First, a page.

Landline takes us back to the days – 1995, to be exact – before the proliferation of smart phones and social media, when, if folks wanted to have affairs with old college flames, they had to bump into each other, in an actual physical space.
No pings or pokes or swipes.
You were on your own.
New York journalist Dana (Jenny Slate) is in the home stretch of a long engagement to an amiable schlub (Jay Duplass) when she sees a handsome ex (Finn Wittrock), whose flattery and naughty innuendo catch her just as she presents with full-blown commitment panic.
She weakens, a propensity she may have inherited from her father (John Turturro). Dana suspects he's cheating on her mother (Edie Falco). The possible affair has also caught the attention of Dana's high school senior sister, Ali (Abby Quinn), and contributes to her rebellious behavior. Ali's a brainy girl who is defiantly and perhaps dangerously determined to go her own way (the movie is set in the days before the iPhone, but not before opioids).
Landline is the second pairing of Slate and director Gillian Robespierre. They previously collaborated on Obvious Child, a movie that also mixed comedy and drama in an offbeat way. Here, Robespierre layers the movie's romantic relationships for contrasts: The parent's deteriorating marriage, Dana's troubled engagement, Ali's high school fling.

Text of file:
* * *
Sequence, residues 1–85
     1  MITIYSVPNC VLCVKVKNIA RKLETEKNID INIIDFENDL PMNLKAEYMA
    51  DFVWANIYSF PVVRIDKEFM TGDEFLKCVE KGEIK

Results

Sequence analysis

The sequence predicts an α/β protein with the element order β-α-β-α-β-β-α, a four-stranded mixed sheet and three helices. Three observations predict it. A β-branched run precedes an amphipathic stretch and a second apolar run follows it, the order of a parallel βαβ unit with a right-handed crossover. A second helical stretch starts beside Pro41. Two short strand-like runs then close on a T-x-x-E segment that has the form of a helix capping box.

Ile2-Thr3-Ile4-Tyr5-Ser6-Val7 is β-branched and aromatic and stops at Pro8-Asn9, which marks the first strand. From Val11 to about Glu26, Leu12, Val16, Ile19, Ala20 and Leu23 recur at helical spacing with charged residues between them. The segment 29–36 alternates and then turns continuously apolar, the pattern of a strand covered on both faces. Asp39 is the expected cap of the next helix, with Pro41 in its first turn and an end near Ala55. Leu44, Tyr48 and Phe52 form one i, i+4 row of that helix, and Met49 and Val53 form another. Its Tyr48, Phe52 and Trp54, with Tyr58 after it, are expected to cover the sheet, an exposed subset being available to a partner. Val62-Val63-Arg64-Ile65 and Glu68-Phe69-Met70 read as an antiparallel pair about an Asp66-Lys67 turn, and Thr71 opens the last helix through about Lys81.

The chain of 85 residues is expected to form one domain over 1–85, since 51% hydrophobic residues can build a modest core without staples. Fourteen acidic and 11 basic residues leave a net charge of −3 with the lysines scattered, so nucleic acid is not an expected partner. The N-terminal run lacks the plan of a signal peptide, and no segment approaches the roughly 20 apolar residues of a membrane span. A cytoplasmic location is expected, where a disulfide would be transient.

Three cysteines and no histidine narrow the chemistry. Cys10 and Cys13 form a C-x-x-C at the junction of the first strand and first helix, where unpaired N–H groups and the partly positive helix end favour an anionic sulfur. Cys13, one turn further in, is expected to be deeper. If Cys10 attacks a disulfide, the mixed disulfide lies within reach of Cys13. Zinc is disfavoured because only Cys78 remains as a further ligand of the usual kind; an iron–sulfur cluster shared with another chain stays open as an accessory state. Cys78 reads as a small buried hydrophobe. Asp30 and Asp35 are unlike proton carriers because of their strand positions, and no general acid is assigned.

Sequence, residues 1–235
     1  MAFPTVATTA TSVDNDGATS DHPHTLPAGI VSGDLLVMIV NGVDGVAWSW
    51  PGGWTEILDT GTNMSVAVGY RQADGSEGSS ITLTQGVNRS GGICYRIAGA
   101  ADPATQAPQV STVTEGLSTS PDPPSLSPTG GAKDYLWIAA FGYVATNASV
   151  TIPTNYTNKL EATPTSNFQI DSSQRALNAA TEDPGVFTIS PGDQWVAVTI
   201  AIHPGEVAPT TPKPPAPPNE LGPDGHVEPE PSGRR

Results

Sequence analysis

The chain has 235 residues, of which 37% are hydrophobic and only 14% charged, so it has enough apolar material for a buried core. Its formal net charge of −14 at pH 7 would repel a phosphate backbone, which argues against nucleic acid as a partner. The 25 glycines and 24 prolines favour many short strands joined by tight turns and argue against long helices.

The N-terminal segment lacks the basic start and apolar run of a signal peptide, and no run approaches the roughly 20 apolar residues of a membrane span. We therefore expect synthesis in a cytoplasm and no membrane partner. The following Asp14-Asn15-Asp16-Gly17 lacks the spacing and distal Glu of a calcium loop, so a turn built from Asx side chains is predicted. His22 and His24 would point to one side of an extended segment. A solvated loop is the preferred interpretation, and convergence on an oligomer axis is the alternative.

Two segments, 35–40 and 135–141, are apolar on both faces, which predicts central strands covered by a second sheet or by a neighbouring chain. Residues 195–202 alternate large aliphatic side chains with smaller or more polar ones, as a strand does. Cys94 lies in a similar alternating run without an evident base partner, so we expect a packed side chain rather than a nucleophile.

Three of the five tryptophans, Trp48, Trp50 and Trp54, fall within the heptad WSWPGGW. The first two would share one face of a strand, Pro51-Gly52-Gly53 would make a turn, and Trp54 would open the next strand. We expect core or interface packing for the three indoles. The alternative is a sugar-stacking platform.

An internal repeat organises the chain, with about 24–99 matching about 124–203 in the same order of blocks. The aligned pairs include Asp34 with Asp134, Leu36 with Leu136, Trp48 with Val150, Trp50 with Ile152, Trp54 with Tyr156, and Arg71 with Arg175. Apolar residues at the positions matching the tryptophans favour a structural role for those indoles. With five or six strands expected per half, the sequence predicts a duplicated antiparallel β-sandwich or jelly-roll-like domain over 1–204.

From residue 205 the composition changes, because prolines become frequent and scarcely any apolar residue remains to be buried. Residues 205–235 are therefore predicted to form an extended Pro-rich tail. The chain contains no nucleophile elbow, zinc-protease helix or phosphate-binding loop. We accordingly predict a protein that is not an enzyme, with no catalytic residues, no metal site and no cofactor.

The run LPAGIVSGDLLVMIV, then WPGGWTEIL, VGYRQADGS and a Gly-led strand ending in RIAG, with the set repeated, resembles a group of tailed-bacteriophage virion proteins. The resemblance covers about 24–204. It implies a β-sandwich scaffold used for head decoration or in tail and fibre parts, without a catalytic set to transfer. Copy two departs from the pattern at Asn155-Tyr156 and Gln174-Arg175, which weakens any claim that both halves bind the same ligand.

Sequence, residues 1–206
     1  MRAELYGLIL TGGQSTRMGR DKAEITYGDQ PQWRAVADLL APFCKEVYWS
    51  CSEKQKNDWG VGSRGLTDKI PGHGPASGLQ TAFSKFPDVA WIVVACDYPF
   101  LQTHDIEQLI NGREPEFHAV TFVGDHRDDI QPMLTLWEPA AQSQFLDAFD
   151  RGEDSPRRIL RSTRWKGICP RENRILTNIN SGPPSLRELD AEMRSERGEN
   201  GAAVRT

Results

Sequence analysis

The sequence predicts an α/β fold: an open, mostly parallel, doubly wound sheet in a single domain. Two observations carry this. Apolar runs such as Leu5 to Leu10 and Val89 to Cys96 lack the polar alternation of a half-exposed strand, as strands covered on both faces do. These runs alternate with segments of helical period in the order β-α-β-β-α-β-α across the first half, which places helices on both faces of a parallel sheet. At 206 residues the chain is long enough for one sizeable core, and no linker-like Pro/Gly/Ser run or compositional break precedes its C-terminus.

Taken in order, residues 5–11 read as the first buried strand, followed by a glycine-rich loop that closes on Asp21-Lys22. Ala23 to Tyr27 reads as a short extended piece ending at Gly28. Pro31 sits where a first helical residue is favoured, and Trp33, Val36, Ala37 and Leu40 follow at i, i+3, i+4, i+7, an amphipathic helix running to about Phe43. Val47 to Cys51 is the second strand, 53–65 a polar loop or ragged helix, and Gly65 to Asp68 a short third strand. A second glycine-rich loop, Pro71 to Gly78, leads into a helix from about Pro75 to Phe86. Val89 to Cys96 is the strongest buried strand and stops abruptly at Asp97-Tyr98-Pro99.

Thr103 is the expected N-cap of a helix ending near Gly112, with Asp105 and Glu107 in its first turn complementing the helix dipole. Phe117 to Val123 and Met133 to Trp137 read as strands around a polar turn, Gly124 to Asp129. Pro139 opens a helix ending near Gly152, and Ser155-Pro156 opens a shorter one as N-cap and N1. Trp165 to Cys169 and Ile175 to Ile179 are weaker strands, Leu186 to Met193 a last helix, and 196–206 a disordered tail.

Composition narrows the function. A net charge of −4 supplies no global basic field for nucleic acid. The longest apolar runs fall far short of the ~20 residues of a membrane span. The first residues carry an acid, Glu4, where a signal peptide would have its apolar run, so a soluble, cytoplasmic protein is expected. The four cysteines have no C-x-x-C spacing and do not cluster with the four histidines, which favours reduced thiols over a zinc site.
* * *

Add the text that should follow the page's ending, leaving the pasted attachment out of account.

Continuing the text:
What stands out, though, is the dynamic between Dana and Ali. It's been some time since I've seen sisters drawn this well and this convincingly. Young actress Quinn makes a strong impression as a brainy young woman yet to learn the important difference between high SAT scores and true wisdom.
Slate has a few touching scenes in which – we sense – she finds a tactful way to help her sister avoid some of the mistakes she made as a teen. We also sense Dana understands she needs to fill in for her mother, currently distracted by the growing estrangement from her husband. Landline's insight into the interior lives of women is another by-product of our unusual summer, one with so much behind-the-camera female talent.
I don't know that the men in Landline benefit quite as much. Duplass' character tolerates his bride-to-be's infidelity with a patience that borders on masochism, but his appearance does fulfill the obligation for somebody named Duplass to appear in every single independent comedy released in America.